The RA selection process: Good luck to all this year’s applicants!

February 11, 2013 in Uncategorized

My favorite team: the DU RA/CA staff.

I’ve always liked RA* selection time, simply because watching 60+ Drury University freshman and sophomores step up to the plate to be an RA and show everyone else what they’re capable of is awesome and heartwarming. Plus, now that I’m a senior (and thus not reapplying to be an RA, since Drury isn’t on my agenda next year), I finally get to see the whole thing from a more relaxed perspective.
* But Molly, what the heck is an RA? An RA is a resident assistant – I’ve been one for three years. Seven to eight of us live in each of the three dorms on campus (I live in lovely Wallace Hall, right on Drury Lane), and we do a ton of stuff:
  • We help residents get their mail in the evening.
  • We know what to do if toilets explode.
  • We know how to get the situation under control when tornadoes and fires and other scary things happen.
  • We throw fun parties and make you feel at home.
  • We can help you handle your roommate conflicts, your academic stress, your depression, or your other problems when you need someone to talk to – and if we can’t, we can help you find someone who can.
  • We’re trained to save your life.

And the list goes on.

Forgive this mega-obvious statement, but when you first go to college, you become faced with the choice to get involved. This is especially true at Drury, where your experience runs explicitly on the ‘you get out what you put in’ rule. While most students do get involved here in some way, some groups and organizations are easier to get in to than others. RA/CA staff (alongside ENACTUS, formerly SIFE, I’d say) is one of the hardest student groups to get into on campus, and the scrutiny/potential rejection of it can be a tough experience. However, to any RA/CA applicants reading this, I’ve got something to say to you before you find out whether you’ve been hired later this week:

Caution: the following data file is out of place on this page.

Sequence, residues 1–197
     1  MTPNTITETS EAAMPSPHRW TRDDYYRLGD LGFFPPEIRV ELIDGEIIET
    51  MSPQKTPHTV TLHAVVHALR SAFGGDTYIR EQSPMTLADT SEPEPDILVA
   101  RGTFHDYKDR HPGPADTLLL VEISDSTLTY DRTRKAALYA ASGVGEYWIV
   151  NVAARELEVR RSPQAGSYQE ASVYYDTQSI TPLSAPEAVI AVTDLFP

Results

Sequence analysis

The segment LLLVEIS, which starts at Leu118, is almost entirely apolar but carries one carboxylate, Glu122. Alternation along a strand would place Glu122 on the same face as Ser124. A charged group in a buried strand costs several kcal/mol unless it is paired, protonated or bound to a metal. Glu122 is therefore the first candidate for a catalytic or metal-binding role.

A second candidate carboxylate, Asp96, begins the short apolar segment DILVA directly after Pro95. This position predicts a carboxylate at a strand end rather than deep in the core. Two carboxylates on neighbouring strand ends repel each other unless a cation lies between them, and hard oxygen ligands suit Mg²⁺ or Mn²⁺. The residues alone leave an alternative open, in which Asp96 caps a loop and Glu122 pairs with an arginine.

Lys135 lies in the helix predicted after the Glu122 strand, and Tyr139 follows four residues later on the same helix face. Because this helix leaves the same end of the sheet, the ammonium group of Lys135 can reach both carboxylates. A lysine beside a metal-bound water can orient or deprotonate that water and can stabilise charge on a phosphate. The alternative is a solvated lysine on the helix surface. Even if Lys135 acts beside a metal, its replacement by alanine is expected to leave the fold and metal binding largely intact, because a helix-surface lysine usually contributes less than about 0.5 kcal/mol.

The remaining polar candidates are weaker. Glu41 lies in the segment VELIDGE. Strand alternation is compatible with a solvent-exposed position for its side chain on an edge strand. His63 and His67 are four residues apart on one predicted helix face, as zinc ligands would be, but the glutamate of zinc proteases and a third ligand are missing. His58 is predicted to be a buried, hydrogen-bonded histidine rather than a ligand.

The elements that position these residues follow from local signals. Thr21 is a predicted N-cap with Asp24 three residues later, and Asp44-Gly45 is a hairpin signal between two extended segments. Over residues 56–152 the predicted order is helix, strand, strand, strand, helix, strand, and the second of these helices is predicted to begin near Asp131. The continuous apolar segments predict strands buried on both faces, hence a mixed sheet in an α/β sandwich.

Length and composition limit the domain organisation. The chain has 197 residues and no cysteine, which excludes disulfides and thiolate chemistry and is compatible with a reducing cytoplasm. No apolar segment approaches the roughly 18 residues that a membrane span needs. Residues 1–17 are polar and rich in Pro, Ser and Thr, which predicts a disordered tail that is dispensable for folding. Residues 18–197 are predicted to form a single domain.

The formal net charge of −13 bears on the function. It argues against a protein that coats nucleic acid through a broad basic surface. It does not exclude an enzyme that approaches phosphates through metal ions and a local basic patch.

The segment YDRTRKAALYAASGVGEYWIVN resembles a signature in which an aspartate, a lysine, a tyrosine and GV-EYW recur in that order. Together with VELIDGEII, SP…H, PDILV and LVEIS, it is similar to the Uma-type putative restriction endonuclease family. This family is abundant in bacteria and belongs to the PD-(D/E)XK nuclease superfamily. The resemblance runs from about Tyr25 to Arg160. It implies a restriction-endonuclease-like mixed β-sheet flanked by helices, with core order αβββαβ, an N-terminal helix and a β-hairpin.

Being an RA/CA is an amazing opportunity and defined my personal Drury experience. But whether or not it works out, let this be your mantra: everything happens the way it’s supposed to happen. Not being an RA will open up other doors – I promise. Something big here will define your experience, and being an RA may not be it even if you are hired. After the results come out, give yourself some time to feel what you gotta feel, but go treat yourself afterward. Take a shopping trip or buy a frozen treat for working so hard. Also, call your parents, because they’re proud of you.

For a first-hand account of what it’s like to go through the RA/CA selection process at Drury, check out Ryan’s blog post, and keep your fingers crossed for Drury students putting themselves out there to make a difference as an RA!

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